The gamification of the unit #ALC203 makes it a lot more interesting,interactive and encouraging for students of learn!
— Shivangi Sharma (@shivi2016) May 5, 2016
Episode 3 of Our Gamified World is probably an ‘outlier’ in some ways given that it’s possibly the one and only time we’ll chat about an example of gamification that doesn’t yet exist. The ‘interview’ was filmed when Adam was in the very early planning stages of the ‘Tiffit system’, which sought to enhance students’ online activity and engagement across a number of platforms. While the system was yet to be fully realised, it would come to include not only a virtual currency or points system, but also unlockable content, side quests, real-time feedback, digital badges, and various other kinds of achievements.
Of course, this is only one possible mode of gamifying undergraduate and postgraduate digital media units, and perhaps the first question that this episode evokes in most viewers’ minds will be: did it actually work? Well, the short answer is Yes. The slightly longer answer – given that Adam is quite talkative on Periscope and has necessitated keeping this blog post short for your sanity (this is Adam writing this, so fair game really) – can be found in the broadcast below…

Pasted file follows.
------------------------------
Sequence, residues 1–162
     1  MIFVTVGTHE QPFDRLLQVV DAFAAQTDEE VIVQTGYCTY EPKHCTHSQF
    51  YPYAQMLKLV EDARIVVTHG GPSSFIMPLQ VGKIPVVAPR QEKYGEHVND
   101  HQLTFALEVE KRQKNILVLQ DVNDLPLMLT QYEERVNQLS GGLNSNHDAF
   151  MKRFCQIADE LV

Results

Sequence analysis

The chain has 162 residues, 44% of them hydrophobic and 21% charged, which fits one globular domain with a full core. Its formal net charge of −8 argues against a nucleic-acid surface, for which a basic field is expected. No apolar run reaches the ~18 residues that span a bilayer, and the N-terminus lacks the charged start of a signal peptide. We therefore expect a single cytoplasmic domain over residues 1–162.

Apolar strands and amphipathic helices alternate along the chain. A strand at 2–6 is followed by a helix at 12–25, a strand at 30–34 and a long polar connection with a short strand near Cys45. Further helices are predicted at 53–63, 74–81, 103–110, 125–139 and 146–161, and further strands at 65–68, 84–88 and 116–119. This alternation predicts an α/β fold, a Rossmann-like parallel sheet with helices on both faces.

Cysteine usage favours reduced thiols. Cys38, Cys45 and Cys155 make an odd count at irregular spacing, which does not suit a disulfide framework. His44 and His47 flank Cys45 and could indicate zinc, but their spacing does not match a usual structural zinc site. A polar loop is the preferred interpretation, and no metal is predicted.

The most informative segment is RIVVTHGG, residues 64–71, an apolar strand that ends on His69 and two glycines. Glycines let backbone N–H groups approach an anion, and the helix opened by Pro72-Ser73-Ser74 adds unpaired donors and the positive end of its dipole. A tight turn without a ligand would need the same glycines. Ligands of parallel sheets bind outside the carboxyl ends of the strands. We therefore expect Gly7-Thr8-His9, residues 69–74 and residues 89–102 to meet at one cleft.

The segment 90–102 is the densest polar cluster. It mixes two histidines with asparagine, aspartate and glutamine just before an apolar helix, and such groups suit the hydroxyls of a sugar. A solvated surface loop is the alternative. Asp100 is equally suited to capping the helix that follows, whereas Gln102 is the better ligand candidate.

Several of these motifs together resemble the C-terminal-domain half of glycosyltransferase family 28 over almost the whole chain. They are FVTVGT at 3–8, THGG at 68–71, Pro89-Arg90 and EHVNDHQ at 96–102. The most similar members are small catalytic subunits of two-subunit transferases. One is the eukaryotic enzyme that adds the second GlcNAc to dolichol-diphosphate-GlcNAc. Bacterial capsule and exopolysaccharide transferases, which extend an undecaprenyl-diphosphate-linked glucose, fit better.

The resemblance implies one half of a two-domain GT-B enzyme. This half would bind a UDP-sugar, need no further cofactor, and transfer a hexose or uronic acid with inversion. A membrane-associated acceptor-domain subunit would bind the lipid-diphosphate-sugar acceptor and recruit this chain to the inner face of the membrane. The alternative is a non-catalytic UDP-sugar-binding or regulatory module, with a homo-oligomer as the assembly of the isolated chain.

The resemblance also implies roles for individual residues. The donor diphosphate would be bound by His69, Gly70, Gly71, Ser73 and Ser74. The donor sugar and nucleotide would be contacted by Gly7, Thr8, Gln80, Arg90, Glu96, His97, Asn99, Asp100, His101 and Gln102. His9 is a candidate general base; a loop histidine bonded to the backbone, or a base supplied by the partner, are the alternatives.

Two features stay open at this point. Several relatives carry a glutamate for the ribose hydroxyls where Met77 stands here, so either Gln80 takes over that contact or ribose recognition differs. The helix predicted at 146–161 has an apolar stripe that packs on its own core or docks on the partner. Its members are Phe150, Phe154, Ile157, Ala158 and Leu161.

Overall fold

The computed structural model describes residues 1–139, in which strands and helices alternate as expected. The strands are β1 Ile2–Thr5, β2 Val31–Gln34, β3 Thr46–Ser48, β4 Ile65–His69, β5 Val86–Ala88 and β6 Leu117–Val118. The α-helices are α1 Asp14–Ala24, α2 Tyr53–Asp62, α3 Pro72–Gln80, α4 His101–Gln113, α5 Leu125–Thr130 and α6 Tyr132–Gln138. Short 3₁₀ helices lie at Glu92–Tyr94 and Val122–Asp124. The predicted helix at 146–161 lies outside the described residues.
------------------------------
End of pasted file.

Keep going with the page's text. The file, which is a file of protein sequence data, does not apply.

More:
— Our Gamified World (@Gamified_World) October 7, 2016
One key point worth reiterating from Adam and Tiff’s reflection is the importance of keeping a gamified system, for lack of a better word, ‘fresh’. Particularly in the context of this example, the need to stay innovative and ‘edgy’ proved essential after only several weeks. Very few people are keen to repeat exactly the same kind of ‘level’ in any game, and unsurprisingly a diverse array of experiences is often fundamental to success in the gamification of non-gaming contexts. User (or student) initiative and agency played a role in this, with the Tiffit system even seeing the birth of the ‘student only challenge’ mapped out in this blog post. The need for rejuvenation at issue here links back to our earlier discussion of the potential banalisation of gamification.
If you’re interested in hearing more about the implementation of the Tiffit system, and you’re not completely tired of hearing Adam’s voice, you might like to check out his very first ‘Teaching from My Car’ podcast, which outlined for students the ways in they could accrue Tiffits and benefit from this. Alternatively, the following excerpt from a teaching video I made provides a summary of the Tiffit system’s key features and evaluates its effect on online activity half-way through the course:
Next week, we’ll divert our gaze outward to look at yet another facet of our gamified world: the Pact app designed to motivate healthy living.
Until then, happy gamifying!